Cajun Chicken Jambalaya for a Crowd

Jambalaya is such a fun dish for entertaining (I mean, come on, it’s even fun to say), and while it’s a little labor intensive, it’s fairly easy to get tasty results and happy guests. Last night, I made this for a Mardi Gras party, and I have to say, it turned out delicious. It was my first time putting together this particular recipe, and I definitely picked up some tips along the way. One thing I learned, is with a few extra special touches, you can take your jambalaya (how can you not smile?) from satisfying to sizzling.

One way to do this is to source the best possible Andouille sausage. The sausage truly flavors the entire dish so it is important to find the most authentic brand with the best possible quality. I found my source for Andouille in the resource section of Donald Link’s Real Cajun cookbook.  I love combing through the resource section of a great chef’s cookbook, and with regional cuisine, it’s especially useful. Often, going out of your way to get that perfect, local type of X, Y or Z can transform your whole dish. For this recipe, I ordered my Andouille from Poche’s in Breaux Bridge, Louisiana. So good!

 

If you know a little bit about Louisiana cooking, you probably already know that celery, onion, and green pepper form the aromatic “Holy Trinity” in Cajun and Creole cuisine. In this case, I replaced the green pepper with red because I think it has better flavor. For my canned tomatoes, I used a San Marzano variety. Whenever a recipe calls for canned tomatoes, I almost always reach for San Marzanos. They may cost a bit more than normal canned tomatoes, but in my opinion, the flavor more than makes up for the price. Trust me, paying attention to details like this will make your Jambalaya really stand out.

Cajun Chicken Jambalaya for a crowd

8 pieces of chicken (dark meat only – thighs and legs with bone and skin)

Salt and Pepper

Cajun seasoning**

2 tablespoons of grapeseed oil

2 pounds of Andouille sausage (sliced in coin size pieces)

2 cups of red peppers – small dice

2 cups of celery – small dice

2 yellow onions – small dice

3 cups long grain rice

7 cups of homemade chicken stock

2 tablespoons of minced garlic

2 28 ounce cans of whole plum tomatoes, I use San Marzano (drained of the liquid)

4 bay leaves (if using fresh bay, add 2 more)

5 fresh Thyme sprigs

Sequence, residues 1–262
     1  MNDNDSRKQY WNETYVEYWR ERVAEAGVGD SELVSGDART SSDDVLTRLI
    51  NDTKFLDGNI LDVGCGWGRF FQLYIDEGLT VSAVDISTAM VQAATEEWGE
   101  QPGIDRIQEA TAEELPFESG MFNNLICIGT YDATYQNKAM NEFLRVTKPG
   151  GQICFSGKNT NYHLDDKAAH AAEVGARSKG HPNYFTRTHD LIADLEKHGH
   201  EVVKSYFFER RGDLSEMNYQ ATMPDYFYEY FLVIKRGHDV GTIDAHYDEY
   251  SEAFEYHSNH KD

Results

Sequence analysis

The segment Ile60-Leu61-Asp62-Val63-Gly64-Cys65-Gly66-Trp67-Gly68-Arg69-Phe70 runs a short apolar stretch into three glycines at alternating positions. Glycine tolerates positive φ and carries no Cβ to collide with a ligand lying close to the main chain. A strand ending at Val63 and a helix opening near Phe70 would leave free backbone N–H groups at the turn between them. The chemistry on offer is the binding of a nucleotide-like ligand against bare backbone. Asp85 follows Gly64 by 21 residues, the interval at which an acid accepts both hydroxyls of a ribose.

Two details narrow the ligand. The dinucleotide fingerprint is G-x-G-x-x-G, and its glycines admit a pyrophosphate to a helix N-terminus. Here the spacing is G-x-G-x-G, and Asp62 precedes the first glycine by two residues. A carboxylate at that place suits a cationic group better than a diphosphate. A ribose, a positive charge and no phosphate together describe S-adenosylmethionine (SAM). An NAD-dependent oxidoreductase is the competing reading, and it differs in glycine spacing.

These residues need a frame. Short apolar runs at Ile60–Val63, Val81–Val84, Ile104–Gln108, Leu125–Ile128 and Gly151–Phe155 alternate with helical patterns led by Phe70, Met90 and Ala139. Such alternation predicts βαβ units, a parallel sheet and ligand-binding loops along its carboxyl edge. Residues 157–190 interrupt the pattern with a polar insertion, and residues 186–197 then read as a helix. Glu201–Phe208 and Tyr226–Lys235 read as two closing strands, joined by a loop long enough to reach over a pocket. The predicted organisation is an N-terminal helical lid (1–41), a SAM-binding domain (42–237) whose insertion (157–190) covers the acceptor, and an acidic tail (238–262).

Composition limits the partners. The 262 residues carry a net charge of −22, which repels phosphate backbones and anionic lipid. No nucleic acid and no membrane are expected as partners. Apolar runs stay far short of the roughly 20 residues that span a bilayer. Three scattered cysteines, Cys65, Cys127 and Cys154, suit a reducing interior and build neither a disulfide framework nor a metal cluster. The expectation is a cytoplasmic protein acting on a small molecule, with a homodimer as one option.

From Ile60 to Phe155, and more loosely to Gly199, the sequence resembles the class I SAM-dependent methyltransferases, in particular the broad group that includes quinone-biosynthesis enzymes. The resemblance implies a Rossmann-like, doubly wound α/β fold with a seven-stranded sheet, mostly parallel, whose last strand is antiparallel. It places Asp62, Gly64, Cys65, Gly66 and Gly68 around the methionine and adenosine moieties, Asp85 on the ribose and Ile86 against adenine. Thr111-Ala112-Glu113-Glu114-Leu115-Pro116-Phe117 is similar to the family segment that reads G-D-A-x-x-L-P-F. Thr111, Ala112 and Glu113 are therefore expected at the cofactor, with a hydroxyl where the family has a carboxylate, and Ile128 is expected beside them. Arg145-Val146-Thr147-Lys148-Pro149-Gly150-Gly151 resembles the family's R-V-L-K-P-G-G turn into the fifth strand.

4 green onion chopped for garnish

 

** I used The Spice Hunter’s Cajun Creole Seasoning, but use whatever seasoning you have on hand, just make sure it’s salt free. You can also make your own blend.

 

Dry the chicken pieces with paper towels and season both sides with salt, pepper, and Cajun Seasoning. Place a large, high sided, heavy bottomed pan or Dutch oven on medium high heat and add the oil. Brown chicken in oil in batches – about 5-7 minutes each side. Set aside on a clean platter and cover. When the chicken is cool to the touch, remove the skin and discard it.

 

In the same pan, lower heat to medium and cook the Andouille to render the fat for about 6 – 8 minutes, then remove it from pan onto a clean bowl or plate.

 

After you’ve set aside your chicken and your sausage, sauté “The Holy Trinity” (red pepper, celery, and onion) in the same pan until the onions are translucent and the veggies have released all of their moisture. Take this time to scrape the bits off the bottom of the pan with a wooden spoon.

 

Now, add the rice to the veggies and stir, coating each grain with the rendered fat (as you would for risotto) for about 5 minutes. Then, add the Andouille, tomatoes, chicken stock, bay leaves, and thyme.  Place the chicken on top of the mixture and partially cover the pan with the lid slightly askew and cook for 30 minutes.

 

After 30 minutes, remove the chicken from the pot and stir the rice so the bottom layer doesn’t stick to the pan. After you remove the chicken turn the pan to low heat.

Now, using two forks, strip the chicken meat from the bone in pieces. Discard the bones (or save them to use for stock at a later date) and add the chicken to the rice mixture and stir to incorporate. Taste for seasoning and remove bay leaves and thyme sprigs. Garnish with green onion (maybe a little Tabasco if you’re feeling extra spicy) and serve.

Here is a photo of the King Cake from our Mardi Gras Party.  I know, I know, the thing is ugly as sin, but boy was it good!

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